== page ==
My interests lie at the intersection of science and software: the use of information technology to facilitate the science we currently do, as well as enabling new kinds of science that haven’t been dreamt of so far.
I work at Princeton University’s Cooperative Institute for Climate Sciences (CICS), heading a group providing Modeling Services to the developers of Earth System models at GFDL and Princeton University.
We provide a software environment where scientific groups can develop new physics and new algorithms concurrently, and coordinate periodically. This is the GFDL Flexible Modeling System (FMS), operational here since 1999, and the basis of our flagship models CM2.0 and CM2.1 used in the IPCC AR4 campaign.
The environment allows algorithms to be expressed on a variety of high-end computing architectures using common and easy-to-use expressions of the underlying platforms, spanning distributed and shared memory, as well as vector architectures. This is the MPP layer of the FMS, developed here with the advent of the Cray T3E in 1998, and still in active use and development toward new architectures and new algorithms.
The management of long and large climate model runs requires a complex runtime environment for managing sequences of long batch jobs on a supercomputer, and the post-processing and archival of model output. The management is done using the FMS Runtime Environment (FRE) which encapsulates complete model configurations in a single file. FRE allows the submission of model runs and archival of data on the petabyte-scale internal archive at GFDL, as well as for the delivery of data to our public server. A curator is a name given to such a software framework that provides end-to-end management from model configuration to data archival, and queries on an archived dataset to provide complete scientific information on the model it emanates from. The GFDL Curator database currently provides these services for our IPCC AR4 data holdings.
Many of these ideas at the border between science and software have been influential in the wider community.
Modeling frameworks for the construction of coupled models out of independent model components are now a prevalent idea across our field. I work closely with two such efforts: the US multi-agency effort known as the Earth System Modeling Framework, as well as a similar European effort known as PRISM. I serve as one of the two leads on ESMF’s Joint Specification Team, as well as on the Executive Committee. I similarly serve on PRISM’s System Specification Workgroup (SSW).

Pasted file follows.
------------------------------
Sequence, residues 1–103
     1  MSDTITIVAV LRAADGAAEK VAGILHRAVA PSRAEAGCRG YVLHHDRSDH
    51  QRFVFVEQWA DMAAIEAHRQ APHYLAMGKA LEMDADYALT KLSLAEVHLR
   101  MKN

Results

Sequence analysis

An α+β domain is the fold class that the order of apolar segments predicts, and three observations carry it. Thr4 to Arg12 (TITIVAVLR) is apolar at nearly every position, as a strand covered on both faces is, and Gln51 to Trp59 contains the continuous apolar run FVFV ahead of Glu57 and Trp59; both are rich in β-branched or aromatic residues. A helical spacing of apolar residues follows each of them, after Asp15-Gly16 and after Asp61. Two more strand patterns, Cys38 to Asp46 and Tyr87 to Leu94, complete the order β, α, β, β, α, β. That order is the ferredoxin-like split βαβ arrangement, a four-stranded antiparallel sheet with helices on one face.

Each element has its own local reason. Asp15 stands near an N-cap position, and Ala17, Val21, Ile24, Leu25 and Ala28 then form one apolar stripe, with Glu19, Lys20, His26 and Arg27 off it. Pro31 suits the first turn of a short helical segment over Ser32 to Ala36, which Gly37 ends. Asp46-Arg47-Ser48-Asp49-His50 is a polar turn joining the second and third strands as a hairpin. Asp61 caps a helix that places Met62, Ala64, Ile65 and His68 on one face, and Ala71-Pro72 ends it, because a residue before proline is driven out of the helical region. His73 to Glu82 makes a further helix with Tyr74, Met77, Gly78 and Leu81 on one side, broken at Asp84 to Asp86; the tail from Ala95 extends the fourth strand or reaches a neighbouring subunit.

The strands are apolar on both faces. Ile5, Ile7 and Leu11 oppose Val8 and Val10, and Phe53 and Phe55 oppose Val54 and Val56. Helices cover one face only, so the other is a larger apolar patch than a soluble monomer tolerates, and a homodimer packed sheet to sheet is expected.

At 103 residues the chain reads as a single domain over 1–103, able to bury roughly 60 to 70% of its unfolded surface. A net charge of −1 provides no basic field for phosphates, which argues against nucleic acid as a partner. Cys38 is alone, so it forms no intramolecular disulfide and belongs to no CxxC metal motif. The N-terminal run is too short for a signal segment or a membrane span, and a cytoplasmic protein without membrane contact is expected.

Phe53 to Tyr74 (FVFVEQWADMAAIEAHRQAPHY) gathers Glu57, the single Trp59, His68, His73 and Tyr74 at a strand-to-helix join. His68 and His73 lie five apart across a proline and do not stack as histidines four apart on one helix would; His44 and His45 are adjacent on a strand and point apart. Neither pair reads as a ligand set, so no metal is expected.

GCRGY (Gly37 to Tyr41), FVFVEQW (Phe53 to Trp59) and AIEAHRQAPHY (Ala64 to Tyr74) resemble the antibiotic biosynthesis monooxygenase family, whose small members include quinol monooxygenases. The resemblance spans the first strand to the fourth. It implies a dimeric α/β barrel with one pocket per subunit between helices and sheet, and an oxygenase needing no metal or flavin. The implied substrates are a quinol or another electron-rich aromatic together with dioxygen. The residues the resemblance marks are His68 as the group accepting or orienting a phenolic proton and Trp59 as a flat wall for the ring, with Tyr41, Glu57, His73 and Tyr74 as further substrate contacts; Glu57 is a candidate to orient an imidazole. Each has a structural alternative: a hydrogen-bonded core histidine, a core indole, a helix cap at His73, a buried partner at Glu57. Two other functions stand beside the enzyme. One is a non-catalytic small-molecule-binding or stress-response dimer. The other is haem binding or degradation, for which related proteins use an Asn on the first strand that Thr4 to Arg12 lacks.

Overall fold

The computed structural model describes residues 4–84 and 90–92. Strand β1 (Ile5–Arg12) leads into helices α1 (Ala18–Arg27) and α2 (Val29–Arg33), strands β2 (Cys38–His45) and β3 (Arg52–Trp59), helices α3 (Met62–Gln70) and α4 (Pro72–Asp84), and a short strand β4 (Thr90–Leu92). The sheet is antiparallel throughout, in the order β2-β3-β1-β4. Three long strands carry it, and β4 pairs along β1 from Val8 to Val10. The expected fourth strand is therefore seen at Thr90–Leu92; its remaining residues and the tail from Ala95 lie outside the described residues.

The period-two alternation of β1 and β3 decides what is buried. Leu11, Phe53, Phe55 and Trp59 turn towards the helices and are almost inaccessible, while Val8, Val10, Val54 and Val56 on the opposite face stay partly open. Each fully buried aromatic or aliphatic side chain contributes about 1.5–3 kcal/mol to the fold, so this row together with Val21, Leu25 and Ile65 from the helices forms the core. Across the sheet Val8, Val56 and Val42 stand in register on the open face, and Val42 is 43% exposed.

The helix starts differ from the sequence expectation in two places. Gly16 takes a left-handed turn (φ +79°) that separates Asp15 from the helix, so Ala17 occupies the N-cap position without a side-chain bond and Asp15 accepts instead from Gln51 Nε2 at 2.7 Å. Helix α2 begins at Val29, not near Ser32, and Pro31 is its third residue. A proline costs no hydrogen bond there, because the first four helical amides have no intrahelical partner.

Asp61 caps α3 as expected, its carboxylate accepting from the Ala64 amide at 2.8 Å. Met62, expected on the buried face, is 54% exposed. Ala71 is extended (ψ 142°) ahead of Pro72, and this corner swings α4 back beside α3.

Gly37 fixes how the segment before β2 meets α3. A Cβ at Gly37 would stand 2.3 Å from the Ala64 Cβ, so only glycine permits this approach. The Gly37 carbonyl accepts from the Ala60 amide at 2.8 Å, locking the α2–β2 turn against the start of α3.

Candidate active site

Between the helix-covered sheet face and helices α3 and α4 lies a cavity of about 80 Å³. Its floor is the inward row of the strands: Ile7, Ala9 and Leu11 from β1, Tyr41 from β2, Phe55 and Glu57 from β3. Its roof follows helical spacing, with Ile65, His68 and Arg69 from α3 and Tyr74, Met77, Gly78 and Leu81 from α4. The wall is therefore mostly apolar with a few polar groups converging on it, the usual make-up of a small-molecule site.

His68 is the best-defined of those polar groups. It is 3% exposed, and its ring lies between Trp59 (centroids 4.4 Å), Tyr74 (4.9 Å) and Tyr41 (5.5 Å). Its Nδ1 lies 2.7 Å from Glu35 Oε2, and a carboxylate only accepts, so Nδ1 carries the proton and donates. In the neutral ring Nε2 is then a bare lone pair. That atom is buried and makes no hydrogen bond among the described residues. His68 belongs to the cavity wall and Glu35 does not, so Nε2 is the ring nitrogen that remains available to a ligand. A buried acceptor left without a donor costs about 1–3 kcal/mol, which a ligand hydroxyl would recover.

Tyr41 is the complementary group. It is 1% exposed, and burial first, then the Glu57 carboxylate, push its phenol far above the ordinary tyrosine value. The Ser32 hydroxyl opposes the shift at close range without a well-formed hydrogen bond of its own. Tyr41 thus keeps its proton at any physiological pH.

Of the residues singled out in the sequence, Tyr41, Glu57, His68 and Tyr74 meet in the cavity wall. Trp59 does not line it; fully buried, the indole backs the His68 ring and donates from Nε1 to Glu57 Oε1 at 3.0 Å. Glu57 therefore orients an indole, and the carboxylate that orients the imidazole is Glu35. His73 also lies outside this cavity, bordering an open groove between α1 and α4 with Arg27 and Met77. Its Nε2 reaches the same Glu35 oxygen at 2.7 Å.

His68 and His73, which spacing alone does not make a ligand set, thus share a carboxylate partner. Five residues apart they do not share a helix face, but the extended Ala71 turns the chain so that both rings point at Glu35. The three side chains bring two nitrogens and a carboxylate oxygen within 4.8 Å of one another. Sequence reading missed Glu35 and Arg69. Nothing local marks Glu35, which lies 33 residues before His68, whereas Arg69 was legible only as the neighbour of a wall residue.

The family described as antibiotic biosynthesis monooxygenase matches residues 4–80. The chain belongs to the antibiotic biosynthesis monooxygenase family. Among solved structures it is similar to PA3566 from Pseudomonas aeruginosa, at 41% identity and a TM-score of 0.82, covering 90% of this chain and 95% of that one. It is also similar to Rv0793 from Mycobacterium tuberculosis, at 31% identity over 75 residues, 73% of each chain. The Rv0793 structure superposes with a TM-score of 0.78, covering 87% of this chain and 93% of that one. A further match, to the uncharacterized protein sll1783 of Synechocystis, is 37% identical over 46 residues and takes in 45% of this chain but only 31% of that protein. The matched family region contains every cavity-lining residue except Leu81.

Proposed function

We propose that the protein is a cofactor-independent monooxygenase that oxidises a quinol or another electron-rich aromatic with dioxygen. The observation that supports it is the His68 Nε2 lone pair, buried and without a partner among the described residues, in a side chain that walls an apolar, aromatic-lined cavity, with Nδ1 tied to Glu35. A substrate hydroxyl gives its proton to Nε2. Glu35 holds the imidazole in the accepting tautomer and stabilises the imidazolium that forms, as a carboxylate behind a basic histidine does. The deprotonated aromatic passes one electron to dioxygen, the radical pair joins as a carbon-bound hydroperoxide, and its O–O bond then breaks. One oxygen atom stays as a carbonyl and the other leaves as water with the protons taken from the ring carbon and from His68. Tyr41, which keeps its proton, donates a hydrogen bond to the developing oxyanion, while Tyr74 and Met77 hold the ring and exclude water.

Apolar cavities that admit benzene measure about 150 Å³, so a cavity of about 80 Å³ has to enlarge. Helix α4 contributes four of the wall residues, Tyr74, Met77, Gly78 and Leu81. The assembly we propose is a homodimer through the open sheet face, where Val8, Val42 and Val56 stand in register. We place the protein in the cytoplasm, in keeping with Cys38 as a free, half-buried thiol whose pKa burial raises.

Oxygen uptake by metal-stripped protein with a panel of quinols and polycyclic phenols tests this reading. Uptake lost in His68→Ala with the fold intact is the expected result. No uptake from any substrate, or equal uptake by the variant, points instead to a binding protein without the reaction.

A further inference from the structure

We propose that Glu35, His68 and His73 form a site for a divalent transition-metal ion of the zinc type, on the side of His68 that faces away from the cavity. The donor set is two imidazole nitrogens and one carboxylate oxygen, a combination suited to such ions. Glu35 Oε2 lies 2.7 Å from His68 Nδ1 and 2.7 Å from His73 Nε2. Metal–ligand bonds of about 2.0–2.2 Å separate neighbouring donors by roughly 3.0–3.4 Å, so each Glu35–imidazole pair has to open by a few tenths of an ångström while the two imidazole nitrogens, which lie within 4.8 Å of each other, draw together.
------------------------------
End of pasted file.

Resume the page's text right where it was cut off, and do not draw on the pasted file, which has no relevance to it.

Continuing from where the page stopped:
I serve as a PI on the NSF-funded Earth System Curator (ESC) project which is attempting to develop prototype curator software spanning multiple research and modeling groups.
The development of curators requires metadata to describe the various elements of observation and model output data. This includes metadata to describe the physical information content of data, information about the associated materials and methods (models, observational platforms), and finally the science experiment with which the data are associated. ESC and other projects are attempting to define a structure for holding such metadata, especially with a view to facilitating data management of large national and international modeling campaigns such as the IPCC. Metadata development in our field is done formally through the Climate and Forecasting (CF) conventions, and is coordinated through an informal consortium known as the Global Organization of Earth System Science Portals (GO-ESSP). I serve on the CF Conventions Committee and the GO-ESSP Steering Committee.
Free software has been extraordinarily beneficial to us, not only in terms of the myriad free software tools we use everyday, but also in providing innovative ways of working within large, diverse, distributed communities, and openly sharing our results… a lot like science, at least science as it ought to be. To the extent that the large institutions I am obliged to work with will let me, I work with free software, and aim to provide free software.